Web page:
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Roozbeh Behroozmand

Roozbeh Behroozmand, pHd

Director, Speech Neuroscience Lab

Roozbeh Behroozmand, PhD, is an Assistant Professor of Communication Disorders (COMD) and the Director of Speech Neuroscience Lab in the Arnold School of Public Health at the University of South Carolina. Dr. Behroozmand has background in Biomedical Engineering and Neuroscience and his research is focused on investigating the neural bases of speech production and motor control in the human brain. His lab utilizes a wide range of techniques including electrophysiology (EEG, ERP, ECoG), functional neuroimaging (fMRI) and high-definition transcranial direct current stimulation (HD-tDCS) to study sensory-motor mechanisms of speech in healthy individuals and patients with neurological disorders. The ultimate goal of this research is to gain knowledge that can be translated into the development of novel diagnosis and clinical treatment methods to enhance speech communication and improve quality of life in patients with speech disorders.

   
Karim

Karim Johari

PhD Student

Karim Johari is a doctoral student in the Department of Communication Disorders at the University of South Carolina. He has received his Master’s degree in Speech-Language Pathology from Tehran University of Medical Sciences. Karim’s primary line of research in the Speech Neuroscience Lab focuses on understanding the neural bases of speech and hand movement disorders in Parkinson’s disease. As a part of his doctoral dissertation project, Karim is investigating the behavioral and neurophysiological (EEG and ERP) correlates of reaction time and motor learning in speech and hand modalities in both healthy individuals and patients with Parkinson’s disease.

   
Lorelei Phillip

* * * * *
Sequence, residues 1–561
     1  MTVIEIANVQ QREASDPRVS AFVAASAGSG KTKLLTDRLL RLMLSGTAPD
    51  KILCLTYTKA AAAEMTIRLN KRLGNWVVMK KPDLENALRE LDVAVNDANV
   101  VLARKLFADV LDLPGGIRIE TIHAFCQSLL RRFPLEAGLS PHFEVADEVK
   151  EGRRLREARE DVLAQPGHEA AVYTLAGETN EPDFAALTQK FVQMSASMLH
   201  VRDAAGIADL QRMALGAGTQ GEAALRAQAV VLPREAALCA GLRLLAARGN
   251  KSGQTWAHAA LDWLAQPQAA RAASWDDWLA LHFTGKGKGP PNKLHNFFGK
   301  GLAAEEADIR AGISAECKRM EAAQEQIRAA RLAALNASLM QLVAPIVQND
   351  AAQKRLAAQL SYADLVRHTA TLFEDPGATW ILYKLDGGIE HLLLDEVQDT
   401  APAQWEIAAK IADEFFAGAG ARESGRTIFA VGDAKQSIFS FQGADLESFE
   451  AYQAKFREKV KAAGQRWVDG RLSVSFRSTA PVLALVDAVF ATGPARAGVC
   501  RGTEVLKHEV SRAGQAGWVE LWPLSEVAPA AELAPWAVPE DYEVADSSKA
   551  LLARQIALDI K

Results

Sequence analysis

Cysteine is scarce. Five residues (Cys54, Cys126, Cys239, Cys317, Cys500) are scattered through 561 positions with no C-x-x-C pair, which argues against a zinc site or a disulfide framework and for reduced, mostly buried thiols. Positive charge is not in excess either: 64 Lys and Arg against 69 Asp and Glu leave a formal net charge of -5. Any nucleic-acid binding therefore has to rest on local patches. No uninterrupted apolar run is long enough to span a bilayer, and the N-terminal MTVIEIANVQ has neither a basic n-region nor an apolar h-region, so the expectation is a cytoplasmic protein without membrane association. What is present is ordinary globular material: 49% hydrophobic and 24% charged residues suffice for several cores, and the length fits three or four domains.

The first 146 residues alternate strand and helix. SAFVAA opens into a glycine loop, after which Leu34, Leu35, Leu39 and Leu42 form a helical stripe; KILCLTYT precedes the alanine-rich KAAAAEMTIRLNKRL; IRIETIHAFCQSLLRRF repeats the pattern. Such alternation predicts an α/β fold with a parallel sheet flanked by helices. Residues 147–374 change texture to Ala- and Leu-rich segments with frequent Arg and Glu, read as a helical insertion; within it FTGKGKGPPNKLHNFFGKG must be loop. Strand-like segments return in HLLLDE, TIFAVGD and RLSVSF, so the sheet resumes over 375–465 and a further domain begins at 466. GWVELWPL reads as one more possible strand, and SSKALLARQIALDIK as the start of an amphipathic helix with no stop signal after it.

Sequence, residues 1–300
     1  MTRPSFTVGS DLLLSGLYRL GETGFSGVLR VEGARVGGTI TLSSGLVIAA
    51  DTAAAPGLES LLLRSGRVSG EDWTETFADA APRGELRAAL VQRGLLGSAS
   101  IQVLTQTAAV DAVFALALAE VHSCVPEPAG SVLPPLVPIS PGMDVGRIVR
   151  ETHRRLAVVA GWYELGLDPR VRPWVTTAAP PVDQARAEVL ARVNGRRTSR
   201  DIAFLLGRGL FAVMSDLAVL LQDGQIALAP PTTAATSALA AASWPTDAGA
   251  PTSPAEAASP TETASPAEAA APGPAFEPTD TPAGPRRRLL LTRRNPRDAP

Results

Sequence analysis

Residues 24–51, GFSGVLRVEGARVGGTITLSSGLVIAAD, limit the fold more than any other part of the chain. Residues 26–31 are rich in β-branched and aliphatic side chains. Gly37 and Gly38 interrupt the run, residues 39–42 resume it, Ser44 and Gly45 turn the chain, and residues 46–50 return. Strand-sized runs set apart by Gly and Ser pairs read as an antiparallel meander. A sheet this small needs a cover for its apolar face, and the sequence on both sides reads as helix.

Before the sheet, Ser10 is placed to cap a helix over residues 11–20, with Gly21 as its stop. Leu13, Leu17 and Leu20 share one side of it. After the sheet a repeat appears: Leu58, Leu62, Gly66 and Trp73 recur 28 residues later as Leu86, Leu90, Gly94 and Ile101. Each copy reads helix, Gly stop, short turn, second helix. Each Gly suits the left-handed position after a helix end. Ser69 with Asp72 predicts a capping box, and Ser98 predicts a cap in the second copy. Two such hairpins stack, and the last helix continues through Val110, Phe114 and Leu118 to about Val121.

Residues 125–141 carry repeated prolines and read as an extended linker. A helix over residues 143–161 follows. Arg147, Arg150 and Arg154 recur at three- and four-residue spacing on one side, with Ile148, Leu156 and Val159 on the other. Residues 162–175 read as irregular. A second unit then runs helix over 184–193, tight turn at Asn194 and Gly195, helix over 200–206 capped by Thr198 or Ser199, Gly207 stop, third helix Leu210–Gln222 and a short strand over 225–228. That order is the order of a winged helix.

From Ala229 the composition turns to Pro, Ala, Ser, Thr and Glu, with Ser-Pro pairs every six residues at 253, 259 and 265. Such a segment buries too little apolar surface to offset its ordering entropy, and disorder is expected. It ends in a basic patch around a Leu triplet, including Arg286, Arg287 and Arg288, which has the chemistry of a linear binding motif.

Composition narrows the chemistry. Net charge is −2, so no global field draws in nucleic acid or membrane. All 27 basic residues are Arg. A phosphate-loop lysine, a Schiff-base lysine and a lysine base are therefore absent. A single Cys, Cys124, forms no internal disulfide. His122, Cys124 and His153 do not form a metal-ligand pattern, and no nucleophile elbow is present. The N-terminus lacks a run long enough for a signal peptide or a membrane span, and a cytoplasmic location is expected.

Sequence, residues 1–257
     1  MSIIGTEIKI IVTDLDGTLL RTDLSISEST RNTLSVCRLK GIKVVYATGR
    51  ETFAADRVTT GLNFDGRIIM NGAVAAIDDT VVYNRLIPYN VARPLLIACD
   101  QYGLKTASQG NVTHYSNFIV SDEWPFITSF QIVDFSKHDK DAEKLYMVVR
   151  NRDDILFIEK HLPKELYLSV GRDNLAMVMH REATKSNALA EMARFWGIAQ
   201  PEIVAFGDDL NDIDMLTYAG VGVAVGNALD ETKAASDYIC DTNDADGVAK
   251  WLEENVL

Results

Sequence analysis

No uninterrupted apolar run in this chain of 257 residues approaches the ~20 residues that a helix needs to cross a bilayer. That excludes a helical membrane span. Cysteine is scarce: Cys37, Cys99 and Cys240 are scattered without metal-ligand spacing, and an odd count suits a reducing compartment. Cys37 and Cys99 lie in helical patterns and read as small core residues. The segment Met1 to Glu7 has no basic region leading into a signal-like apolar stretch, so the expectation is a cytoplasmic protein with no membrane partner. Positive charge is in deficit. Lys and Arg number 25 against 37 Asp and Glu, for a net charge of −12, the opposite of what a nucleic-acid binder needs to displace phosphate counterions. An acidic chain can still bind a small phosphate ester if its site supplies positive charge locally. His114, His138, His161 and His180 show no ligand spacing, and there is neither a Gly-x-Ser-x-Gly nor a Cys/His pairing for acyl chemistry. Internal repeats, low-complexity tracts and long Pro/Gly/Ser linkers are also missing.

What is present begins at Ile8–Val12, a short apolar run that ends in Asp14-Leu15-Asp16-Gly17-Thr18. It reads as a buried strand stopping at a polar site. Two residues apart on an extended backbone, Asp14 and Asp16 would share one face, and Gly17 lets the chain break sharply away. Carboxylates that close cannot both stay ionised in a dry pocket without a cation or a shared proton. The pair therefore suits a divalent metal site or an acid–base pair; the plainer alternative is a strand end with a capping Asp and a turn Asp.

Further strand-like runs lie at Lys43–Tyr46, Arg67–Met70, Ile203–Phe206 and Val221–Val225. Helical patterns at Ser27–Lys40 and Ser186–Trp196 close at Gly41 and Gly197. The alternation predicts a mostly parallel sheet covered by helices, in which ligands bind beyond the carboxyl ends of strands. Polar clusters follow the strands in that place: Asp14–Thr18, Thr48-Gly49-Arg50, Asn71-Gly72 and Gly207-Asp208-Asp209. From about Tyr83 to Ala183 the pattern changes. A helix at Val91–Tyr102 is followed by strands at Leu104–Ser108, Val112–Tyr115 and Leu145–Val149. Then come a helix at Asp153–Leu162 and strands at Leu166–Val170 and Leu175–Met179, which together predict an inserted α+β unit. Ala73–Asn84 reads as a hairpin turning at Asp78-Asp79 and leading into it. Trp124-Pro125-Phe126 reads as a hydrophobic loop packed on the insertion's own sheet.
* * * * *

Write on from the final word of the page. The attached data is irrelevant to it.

Lorelei Phillip

PhD Student

Lorelei Phillip, M.S., CF-SLP, is a doctoral student in the Aphasia Lab at the University of South Carolina in the Department of Communication Sciences and Disorders. Her research interests include aphasia treatment and recovery, post-stroke quality of life, and neuroimaging methods. While collaborating with the members in the Speech Neuroscience Lab, her research has focused on the neural time course of activation associated with speech and language in individuals who have aphasia, an acquired language disorder frequently occurring after stroke. She is also interested in learning more about EEG methodology as well as general data analysis methods.

   
Janelle

Janelle Rocktashel

PhD Student

Janelle Rocktashel is a first year doctoral student in the Exercise Science department under the mentorship of Dr. Jill Stewart in the Motor Behavior and Neuroimaging Lab with a Bachelor of Science in Kinesiology from The Pennsylvania State University. She is interested in understanding the neural correlates of motor control in neurologically impaired populations, particularly chronic stroke. As a scholar in the Biomedical-Behavioral Interface Program (BBIP), Janelle has had the opportunity to rotate through the Speech Neuroscience Lab where she is involved with electroencephalography (EEG) recording for the Aphasia study including pitch-shift, picture matching, and picture naming tasks. Throughout her doctoral studies, she hopes to collaborate further with Dr. Behroozmand in order to integrate EEG motor control studies with upper extremity reach tasks.

   
Stacey

Stacey Sangtian

MSc Student

Stacey Sangtian is currently a second-year Master’s student in the Department of Communication Sciences and Disorders at the University of South Carolina. She has been involved in a number of research projects in the Speech Neuroscience Lab to investigate the behavioral and neurophysiological correlates of speech production and motor control mechanisms. For her studies, Stacey has used the electroencephalography (EEG) technique to measure human brain activity in a variety of speech production, motor control and adaptation tasks. She is also completing her Master's thesis under the supervision of Dr. Behroozmand investigating how motor planning and execution during the preparatory phase of a speech task can modulate the mechanisms of speech motor control. The goal of her Master’s thesis project is to better understand how neural deficiencies related to motor planning may negatively affect the motor control pf speech in neurological patients with speech disorders.